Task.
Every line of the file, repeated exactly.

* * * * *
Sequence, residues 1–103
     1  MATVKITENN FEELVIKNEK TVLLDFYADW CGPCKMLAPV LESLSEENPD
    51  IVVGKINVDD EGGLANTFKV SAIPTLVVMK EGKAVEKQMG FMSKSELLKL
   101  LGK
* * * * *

Sequence, residues 1–103
     1  MATVKITENN FEELVIKNEK TVLLDFYADW CGPCKMLAPV LESLSEENPD
    51  IVVGKINVDD EGGLANTFKV SAIPTLVVMK EGKAVEKQMG FMSKSELLKL
   101  LGK